Rock County agencies were surprised by the unusual flooding the week of Feb. 18, so they are looking to see how they could be better prepared next time.
A National Weather Service meteorologist said some spots around the county likely saw more than two inches of rain, and melting snow added to the volume of water that quickly flowed down frozen hillsides and filled low places.
Some roadsides became roaring streams, ponds formed in yards and fields. Those ponds expanded and deepened more than some residents had ever seen. At least two subdivisions were cut off for days. Residents could not get their cars in or out because of newly formed ponds.
The Rock County Department of Public Works ran out of high-water warning signs, and residents were never told which roads were closed.
Duane Jorgenson, director of public works, and sheriff’s office Sgt. Shena Kohler, county emergency management director, said they are working to set up a way to inform residents of road closures, possibly with an online map.
“We’re really early on here, and we’re trying to get that moving because we know that in the next month we’re probably going to be in a similar event (with the spring thaw),” Jorgenson said.
Jorgenson said his department had about 50 high-water signs and made 40 more until they ran out of blank signs.
They still didn’t have enough.
Other southeastern Wisconsin counties were calling to ask if Rock County had any to spare, he said.
Jorgenson said replenishing the blanks should ensure adequate supplies if floods like this happen again.
That might be a big “if.”
Jorgenson wondered how soon conditions would be ripe for a recurrence of heavy rain, lots of snow to melt and frozen ground in the middle of February.
That question becomes important to another possible change Jorgenson is considering: whether it would be feasible to pump water out of low spots.
A pond formed over Serns Road north of Milton, blocking a small subdivision there. Residents said it hadn’t happened before.
Contracting with business to pump the water out would be “pretty pricey,” Jorgenson said.
An alternative would be for the county to buy its own pumps, but Jorgenson needs to decide how wise it is to invest in pumps if the chances of a repeat flood like this one are slim.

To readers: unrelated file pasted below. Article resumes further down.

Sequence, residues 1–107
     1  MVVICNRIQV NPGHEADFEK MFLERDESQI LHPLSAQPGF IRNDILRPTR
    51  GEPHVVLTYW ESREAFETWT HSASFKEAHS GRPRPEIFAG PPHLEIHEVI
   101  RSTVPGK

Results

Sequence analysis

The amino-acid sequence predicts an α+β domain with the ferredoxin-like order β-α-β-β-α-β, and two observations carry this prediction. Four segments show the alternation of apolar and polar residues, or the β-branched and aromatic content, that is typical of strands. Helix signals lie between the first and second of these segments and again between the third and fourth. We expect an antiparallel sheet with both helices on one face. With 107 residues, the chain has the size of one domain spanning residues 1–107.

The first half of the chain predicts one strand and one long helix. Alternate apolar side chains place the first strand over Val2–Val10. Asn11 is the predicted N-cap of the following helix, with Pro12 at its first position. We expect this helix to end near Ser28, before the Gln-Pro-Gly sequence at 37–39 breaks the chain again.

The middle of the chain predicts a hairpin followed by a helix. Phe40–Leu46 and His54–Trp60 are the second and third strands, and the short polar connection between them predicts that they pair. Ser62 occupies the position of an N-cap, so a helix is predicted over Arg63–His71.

Perhaps the pumps could be used for other purposes, so they would be used more frequently.
“Maybe, but we haven’t gotten there yet,” Jorgenson said.
Kohler said county officials also need to refine their emergency response plans, but as this latest flooding event shows, it’s impossible to be prepared for every kind of weather event.
Another way to prepare is to consider the recent floods when reconstructing roads. A foot of water covered County A east of Janesville during the floods, and it’s slated for reconstruction in a few years. The county will try to make the road more resistant to flooding when it is re-designed, Jorgenson said.
Another flooding spot is on Highway 51 near the railroad trestle north of Beloit, which often floods, Jorgenson said. The highway is the state’s responsibility, but the county will work with the state to seek a solution there.
Asked about global climate change, which predicts more severe weather events as temperatures rise, Jorgenson said he doesn’t know what causes severe weather, but he noted it’s impossible to tell what kinds of weather events will happen in any given year.
“That’s just the nature of the beast,” Jorgenson said. “Mother Nature’s just unpredictable, and that makes our jobs that much more difficult.”
For example, the blizzard of Feb 5-6, 2008, dumped 15 to 21 inches of snow across southern Wisconsin. The storm made travel impossible, and on Interstate 90/39 north of Janesville, hundreds of cars and trucks were trapped for many hours.
“We can’t control Mother Nature. We can’t control the conditions of the job, but we certainly can find ways to respond to that, and how do we do so creatively with the resources we have access to is always a challenge,” Kohler said.